Sadiq Khan proclaimed that history had been made as Labour claimed Wandsworth Council for the first time since 1978.
The council had been seen as a likely Labour gain going into election night and they pulled off the turnaround, from a seven-seat deficit in 2018 to a seven-seat majority.
Khan was overjoyed in his praise for Labour’s success in Wandsworth and believed that it validated the state of the party.
He said to Sky News: “This council first went Tory in 1978 when Margaret Thatcher was leader of the opposition.
“John Major, William Hague, Ian Duncan-Smith, Michael Howard, David Cameron, Theresa May, all that time this was a Conservative council. This is history being made.
“A year after a 1997 landslide victory, the Tories kept this seat, a year after a 2001 landslide victory, the Tories kept this seat, but a combination of Keir Starmer as our leader, great work from Simon [Hogg], three fantastic Labour MPs, and a Labour run City Hall has delivered it.
“Now I’ve got a counsellor I can work with, it’s great to have a coalition of the willing.”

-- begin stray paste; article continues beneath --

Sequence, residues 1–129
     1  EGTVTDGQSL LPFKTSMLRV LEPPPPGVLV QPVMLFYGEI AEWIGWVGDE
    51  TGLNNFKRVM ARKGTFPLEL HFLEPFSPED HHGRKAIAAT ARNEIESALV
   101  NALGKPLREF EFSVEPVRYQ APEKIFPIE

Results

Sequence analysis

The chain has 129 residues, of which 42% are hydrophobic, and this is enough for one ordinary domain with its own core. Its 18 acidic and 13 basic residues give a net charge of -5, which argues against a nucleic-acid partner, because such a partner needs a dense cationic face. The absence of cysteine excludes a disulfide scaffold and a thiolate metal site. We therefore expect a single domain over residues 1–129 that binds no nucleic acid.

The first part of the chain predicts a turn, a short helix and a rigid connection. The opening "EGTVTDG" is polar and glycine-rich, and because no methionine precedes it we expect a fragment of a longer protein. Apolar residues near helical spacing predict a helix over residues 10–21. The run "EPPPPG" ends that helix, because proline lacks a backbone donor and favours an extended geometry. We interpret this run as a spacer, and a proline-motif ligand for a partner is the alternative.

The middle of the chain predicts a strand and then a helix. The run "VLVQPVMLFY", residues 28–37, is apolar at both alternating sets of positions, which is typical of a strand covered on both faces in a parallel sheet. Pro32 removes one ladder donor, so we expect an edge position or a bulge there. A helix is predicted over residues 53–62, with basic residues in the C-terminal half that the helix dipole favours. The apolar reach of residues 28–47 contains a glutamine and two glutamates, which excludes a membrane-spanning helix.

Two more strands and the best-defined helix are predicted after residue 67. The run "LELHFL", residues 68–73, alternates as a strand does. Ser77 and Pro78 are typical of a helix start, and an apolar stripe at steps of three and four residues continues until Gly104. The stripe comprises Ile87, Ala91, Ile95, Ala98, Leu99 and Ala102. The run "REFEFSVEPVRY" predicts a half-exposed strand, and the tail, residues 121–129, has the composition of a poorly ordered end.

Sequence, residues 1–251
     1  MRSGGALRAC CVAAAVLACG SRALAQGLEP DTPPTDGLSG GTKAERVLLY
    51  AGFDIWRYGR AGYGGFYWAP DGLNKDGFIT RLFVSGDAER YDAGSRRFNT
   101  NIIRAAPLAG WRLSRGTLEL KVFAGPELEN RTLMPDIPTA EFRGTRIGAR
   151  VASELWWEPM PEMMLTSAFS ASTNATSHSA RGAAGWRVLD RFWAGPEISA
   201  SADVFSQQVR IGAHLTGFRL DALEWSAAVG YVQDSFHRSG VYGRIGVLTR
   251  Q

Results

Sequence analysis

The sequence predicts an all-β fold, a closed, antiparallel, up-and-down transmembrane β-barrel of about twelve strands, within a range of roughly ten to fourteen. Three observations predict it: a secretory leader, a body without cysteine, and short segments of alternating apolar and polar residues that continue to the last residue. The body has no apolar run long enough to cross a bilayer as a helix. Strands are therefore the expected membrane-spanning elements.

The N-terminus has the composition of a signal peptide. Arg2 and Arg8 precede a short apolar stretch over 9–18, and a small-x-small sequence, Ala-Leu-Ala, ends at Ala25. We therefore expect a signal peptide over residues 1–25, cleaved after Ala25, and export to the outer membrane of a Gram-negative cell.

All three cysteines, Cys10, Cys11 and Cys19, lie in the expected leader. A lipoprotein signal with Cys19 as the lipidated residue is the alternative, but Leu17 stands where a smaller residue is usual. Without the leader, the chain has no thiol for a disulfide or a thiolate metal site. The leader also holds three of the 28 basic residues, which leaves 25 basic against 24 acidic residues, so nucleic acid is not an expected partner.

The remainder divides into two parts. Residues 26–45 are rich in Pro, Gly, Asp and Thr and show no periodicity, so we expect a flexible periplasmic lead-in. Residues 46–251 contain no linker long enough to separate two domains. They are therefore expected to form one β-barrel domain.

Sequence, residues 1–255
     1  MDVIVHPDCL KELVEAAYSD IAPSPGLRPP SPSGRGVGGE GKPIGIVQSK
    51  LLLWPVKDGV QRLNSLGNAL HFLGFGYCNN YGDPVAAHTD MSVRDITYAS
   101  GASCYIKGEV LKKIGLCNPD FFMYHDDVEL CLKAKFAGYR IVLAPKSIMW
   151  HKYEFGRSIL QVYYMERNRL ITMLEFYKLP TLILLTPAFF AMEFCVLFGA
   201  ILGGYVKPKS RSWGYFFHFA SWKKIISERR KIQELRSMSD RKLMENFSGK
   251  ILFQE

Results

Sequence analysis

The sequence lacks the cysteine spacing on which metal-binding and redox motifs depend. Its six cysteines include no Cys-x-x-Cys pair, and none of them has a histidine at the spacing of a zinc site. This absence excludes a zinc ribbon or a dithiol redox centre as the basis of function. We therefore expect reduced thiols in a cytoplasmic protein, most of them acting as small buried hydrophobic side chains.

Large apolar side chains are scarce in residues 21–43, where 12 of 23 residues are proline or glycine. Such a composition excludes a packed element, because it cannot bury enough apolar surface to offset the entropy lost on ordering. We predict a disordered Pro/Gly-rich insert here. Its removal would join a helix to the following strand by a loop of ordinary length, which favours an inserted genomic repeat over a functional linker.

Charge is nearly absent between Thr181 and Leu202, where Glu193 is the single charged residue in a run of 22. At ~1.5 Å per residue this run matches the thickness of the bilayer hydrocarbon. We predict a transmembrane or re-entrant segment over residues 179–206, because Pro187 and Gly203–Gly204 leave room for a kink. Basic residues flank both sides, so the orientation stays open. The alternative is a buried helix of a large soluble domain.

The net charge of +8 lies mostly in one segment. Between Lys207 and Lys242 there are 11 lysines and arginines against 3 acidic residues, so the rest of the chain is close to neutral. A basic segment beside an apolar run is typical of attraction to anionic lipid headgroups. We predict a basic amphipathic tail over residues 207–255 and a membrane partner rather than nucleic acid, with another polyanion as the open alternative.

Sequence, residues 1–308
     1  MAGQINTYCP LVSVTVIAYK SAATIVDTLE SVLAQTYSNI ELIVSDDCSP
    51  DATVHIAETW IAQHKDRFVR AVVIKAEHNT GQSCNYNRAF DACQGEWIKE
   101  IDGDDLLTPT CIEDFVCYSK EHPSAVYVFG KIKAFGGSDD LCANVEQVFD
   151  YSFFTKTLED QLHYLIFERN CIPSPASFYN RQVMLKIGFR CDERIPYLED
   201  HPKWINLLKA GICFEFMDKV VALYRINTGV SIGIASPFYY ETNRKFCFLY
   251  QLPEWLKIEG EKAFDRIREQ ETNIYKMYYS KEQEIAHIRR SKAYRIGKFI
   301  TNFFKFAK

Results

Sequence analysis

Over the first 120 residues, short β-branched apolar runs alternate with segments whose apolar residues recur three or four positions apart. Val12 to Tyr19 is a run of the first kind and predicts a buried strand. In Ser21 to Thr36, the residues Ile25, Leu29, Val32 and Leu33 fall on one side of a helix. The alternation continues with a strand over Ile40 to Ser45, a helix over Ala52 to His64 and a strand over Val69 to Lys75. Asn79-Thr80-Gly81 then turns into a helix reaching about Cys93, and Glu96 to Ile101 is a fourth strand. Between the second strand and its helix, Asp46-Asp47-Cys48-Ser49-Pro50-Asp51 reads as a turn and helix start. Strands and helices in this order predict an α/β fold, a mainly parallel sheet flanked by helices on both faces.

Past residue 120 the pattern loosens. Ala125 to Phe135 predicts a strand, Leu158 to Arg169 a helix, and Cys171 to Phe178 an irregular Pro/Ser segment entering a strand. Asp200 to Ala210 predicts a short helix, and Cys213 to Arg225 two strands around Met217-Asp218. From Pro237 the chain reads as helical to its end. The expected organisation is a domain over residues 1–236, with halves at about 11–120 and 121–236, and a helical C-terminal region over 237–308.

Khan added: “Wandsworth will join a coalition across London that started four years ago, when we got the best results, literally since 1974.
“And low and behold, four years later, we’ve managed to, we think, keep up what we won four years ago and make fantastic gains in Wandsworth and Westminster.”
Khan also felt that Boris Johnson had played a big role in the councils that Labour have managed to take off the Conservatives.
He said: “A combination of Boris Johnson as the Conservative Prime Minister and Kier Starmer as our leader has brought home the seats to labour and this is vindication for the hard work and brilliant activism, brilliant leadership.
“Also on the doorstep, we also had not just a response to challenges from voters, but also, we’ve been hearing about the consumer crisis.
“We’re hearing about concerns that residents have about the cuts from the government, and also about Boris Johnson.
“Let me be frank, it is in the Labour Party’s interest for Boris Johnson to stay in power, but it is in the national interest for him to go.
“I’m somebody who’s a patriot, who loves my country, it’s time for him to go as a patriot and as an Englishmen and as a Brit, but as a labour person I want him to stay because it’s a winner for us.”